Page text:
Perhaps the most unpredictable fishing of the year occurs when the fall cold fronts start rolling in.
Before fronts, predatory fish can go into a feeding frenzy, eating everything in sight. After fronts, fish are on the move with dropping water temperatures and rising air pressure.
The biggest migrations occur in the near-shore waters of the Gulf of Mexico. Schools of baitfish move south toward warmer winter waters. Behind them, kingfish, cobia, sharks mackerel and other surprises make a day of fishing as exciting as it gets. This week, a few bizarre and extraordinary occurrences led anglers to tell fishing stories that will last a lifetime, proving once again waters don't have boundaries.
For Capt. Billy Alstrom, a seemingly lost amberjack highlighted his week of fishing.
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"Fishing has been on fire!" he described. While fishing in 33 feet of water only four miles offshore, Alstrom and his anglers landed a 66-pound amberjack, a fish that normally roams in waters deeper than 80 feet in the Gulf of Mexico.
"We were fishing for cobia, barracuda, grouper, sharks or whatever would bite. The trip was almost over, so I started doing a lot of chumming to empty the live wells. As I did, there were a bunch of really big boils behind the boat. My client, Craig Wood, hooked the fish and right away I knew it was big!
"I had assumed it to be a shark or a cobia. Amberjack never crossed my mind. I was in disbelief, not just because it was an amberjack that close to shore, but the fact that it as 66 pounds made it all the more crazy!"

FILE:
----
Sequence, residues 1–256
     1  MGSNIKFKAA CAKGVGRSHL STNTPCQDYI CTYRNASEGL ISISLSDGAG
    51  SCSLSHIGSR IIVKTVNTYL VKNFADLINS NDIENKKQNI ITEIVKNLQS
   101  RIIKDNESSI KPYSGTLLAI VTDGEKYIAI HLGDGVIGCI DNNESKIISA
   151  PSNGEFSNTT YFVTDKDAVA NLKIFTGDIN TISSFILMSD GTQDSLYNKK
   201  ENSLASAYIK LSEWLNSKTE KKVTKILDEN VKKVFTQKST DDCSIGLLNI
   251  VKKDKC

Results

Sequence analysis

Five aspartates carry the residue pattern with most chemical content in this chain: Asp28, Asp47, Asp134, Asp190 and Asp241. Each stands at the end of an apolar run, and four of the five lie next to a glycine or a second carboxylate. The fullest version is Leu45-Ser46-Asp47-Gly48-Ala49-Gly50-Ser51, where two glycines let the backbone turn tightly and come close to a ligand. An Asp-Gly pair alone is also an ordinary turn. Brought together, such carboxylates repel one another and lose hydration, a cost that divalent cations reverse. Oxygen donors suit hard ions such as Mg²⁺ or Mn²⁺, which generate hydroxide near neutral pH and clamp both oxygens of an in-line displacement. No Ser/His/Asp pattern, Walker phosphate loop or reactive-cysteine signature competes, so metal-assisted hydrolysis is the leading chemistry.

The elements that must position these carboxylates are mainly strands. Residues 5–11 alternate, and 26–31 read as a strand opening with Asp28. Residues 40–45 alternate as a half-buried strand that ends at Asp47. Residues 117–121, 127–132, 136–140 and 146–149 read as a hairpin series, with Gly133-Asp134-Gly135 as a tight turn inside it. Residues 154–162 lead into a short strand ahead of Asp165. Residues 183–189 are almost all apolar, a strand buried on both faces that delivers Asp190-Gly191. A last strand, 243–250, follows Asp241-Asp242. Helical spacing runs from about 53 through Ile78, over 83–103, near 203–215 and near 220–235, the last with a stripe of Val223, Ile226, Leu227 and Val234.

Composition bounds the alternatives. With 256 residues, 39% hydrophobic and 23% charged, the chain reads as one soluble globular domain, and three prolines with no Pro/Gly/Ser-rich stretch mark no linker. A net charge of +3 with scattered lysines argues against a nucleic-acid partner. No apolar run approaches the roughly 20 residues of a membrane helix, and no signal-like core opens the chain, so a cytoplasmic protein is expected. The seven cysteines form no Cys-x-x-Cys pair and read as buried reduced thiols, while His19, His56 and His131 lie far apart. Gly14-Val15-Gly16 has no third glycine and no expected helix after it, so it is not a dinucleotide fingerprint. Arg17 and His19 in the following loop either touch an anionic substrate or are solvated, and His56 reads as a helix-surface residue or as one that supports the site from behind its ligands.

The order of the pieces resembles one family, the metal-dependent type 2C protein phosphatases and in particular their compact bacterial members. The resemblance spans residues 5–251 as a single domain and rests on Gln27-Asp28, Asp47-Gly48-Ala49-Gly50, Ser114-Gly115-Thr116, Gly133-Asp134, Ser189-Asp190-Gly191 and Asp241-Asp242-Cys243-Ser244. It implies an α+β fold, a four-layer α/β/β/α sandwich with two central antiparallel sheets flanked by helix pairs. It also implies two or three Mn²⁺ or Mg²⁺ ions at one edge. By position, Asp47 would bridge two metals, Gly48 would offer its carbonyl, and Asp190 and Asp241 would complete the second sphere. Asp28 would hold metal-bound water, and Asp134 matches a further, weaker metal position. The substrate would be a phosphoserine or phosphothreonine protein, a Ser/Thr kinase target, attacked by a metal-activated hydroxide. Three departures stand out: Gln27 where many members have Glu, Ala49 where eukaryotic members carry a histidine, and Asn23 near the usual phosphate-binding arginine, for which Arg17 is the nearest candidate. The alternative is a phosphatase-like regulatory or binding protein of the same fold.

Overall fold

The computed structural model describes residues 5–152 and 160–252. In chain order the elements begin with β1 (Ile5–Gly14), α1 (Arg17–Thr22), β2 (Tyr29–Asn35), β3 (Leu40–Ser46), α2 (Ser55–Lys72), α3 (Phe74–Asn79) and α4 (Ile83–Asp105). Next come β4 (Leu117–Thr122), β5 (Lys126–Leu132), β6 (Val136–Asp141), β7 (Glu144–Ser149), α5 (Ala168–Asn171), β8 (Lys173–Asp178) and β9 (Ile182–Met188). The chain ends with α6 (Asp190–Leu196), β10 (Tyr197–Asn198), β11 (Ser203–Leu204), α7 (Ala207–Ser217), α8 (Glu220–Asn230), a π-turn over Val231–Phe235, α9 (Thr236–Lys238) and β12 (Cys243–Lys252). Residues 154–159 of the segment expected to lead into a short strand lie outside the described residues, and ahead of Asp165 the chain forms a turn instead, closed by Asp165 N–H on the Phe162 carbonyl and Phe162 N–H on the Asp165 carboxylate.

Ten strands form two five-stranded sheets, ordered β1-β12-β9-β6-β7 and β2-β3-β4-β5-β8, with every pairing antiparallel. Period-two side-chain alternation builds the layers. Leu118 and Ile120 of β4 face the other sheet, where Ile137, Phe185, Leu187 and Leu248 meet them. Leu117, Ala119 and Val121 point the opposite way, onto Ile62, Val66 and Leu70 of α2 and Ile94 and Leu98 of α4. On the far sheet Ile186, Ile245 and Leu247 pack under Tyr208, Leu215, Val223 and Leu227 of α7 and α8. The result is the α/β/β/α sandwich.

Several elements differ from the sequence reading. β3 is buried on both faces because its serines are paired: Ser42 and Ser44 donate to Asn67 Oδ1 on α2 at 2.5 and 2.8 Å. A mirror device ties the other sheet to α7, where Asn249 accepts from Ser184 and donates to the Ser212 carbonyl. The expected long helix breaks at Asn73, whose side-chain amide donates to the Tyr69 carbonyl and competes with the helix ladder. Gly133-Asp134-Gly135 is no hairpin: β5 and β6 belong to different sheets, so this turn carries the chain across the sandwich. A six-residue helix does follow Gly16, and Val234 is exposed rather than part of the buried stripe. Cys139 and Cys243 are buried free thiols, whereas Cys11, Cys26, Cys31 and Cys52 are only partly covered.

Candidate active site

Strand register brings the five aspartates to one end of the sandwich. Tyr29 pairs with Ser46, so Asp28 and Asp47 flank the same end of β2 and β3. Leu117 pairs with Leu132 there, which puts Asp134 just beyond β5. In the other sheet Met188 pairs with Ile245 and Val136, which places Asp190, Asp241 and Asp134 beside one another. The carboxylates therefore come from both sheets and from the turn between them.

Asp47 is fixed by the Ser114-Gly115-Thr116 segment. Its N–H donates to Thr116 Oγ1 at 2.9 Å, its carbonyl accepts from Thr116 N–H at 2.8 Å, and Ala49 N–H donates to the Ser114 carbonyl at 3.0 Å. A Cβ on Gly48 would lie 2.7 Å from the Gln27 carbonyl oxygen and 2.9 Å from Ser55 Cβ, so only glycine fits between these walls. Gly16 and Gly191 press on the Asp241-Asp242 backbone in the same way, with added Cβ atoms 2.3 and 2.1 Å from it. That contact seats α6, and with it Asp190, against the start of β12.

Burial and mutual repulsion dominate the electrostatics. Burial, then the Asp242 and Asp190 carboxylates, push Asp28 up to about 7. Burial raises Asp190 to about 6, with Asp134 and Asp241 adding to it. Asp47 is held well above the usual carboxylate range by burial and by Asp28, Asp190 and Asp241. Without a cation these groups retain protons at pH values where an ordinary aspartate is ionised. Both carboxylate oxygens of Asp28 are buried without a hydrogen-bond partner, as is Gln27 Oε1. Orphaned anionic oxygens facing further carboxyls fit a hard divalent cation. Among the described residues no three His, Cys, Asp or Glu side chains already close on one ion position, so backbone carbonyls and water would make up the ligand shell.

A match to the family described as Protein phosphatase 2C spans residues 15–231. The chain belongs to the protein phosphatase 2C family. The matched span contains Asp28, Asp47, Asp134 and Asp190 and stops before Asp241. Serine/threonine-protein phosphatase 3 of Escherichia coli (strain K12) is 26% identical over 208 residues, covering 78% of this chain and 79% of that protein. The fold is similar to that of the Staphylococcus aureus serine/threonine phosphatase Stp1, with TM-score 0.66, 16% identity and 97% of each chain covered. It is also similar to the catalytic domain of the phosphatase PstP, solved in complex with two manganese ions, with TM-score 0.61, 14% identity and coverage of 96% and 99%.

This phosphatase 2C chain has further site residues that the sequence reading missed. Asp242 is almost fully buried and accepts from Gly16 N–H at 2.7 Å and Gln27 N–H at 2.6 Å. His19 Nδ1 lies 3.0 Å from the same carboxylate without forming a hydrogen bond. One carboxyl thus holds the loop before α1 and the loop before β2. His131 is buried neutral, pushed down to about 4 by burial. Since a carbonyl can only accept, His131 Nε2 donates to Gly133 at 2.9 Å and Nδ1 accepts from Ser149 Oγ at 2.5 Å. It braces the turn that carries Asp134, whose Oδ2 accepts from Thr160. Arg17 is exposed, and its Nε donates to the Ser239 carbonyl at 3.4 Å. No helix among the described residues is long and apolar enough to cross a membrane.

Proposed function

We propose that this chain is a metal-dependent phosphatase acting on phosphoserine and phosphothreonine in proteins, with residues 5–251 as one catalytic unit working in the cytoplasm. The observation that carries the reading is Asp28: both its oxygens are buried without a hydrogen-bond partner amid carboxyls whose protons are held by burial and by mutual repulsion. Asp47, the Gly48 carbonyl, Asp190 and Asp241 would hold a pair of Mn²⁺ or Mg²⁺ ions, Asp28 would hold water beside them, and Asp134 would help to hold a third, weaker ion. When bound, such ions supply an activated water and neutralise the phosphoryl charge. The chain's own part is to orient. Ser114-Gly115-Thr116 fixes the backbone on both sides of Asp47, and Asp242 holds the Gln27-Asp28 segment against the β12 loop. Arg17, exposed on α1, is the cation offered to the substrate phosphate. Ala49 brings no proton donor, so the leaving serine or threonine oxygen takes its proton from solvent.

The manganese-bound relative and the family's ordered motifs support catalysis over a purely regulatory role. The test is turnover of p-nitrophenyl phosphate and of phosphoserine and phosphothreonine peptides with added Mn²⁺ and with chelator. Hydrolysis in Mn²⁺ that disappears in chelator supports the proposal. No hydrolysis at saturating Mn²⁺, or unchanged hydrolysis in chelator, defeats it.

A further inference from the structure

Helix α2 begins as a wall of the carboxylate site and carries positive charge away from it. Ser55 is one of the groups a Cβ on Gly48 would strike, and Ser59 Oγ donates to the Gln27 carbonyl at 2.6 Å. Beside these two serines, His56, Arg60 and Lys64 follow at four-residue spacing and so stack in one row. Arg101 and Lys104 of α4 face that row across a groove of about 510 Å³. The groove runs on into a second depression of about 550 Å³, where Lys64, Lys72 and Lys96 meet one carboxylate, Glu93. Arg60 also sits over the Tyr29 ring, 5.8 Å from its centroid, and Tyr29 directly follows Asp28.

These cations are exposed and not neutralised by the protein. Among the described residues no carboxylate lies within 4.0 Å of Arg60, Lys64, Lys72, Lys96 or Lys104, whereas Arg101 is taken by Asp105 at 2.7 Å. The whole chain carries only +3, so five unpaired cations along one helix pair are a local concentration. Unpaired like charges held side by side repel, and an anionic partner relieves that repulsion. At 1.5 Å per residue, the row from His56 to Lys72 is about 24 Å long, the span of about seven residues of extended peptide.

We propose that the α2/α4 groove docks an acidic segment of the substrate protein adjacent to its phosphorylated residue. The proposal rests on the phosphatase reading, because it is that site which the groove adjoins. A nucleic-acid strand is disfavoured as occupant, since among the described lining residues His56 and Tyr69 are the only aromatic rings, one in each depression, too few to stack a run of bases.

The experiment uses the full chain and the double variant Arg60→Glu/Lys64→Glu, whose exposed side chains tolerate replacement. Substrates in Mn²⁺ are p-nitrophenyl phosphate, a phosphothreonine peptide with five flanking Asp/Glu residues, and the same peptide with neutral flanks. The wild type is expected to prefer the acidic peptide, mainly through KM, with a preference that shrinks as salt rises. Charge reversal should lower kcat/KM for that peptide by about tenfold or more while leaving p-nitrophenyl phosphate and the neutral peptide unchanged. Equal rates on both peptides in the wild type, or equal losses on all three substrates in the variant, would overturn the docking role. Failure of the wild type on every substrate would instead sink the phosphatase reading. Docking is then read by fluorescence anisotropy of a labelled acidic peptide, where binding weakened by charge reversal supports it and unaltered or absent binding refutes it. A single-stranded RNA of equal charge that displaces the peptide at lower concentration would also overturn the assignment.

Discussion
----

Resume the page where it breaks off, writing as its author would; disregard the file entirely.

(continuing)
Also occurring within sight of land this week have been multiple whale shark sightings. The first occurred for Taylor Chadsey Jr. last weekend six miles from Anna Maria Island.
Swimming with the whale shark was a school of cobia, with one cobia they estimated to be around 80 pounds.
"The whale shark was about 15 feet long," Chadsey said. "We caught two cobia between 30 and 40 pounds, broke a hook on one, and were cut off on another. Very cool!"
On Thursday, Capt. Billy Nobles with Capt. Glen Taylor and crew ran across a whale shark four miles from St. Petersburg Beach. "The fish was about 30 feet long and had tons of fish on him. He stayed with us and never got spooked. We just swam with it, it was awesome!" Taylor said.
As seas calm later into the week, expect schools of mackerel and kingfish to be on near-shore artificial reefs and hand bottom in high numbers. Gag grouper should also begin to move shallower with the dropping water temperatures, and there is only a month left before their season will close on Dec. 3.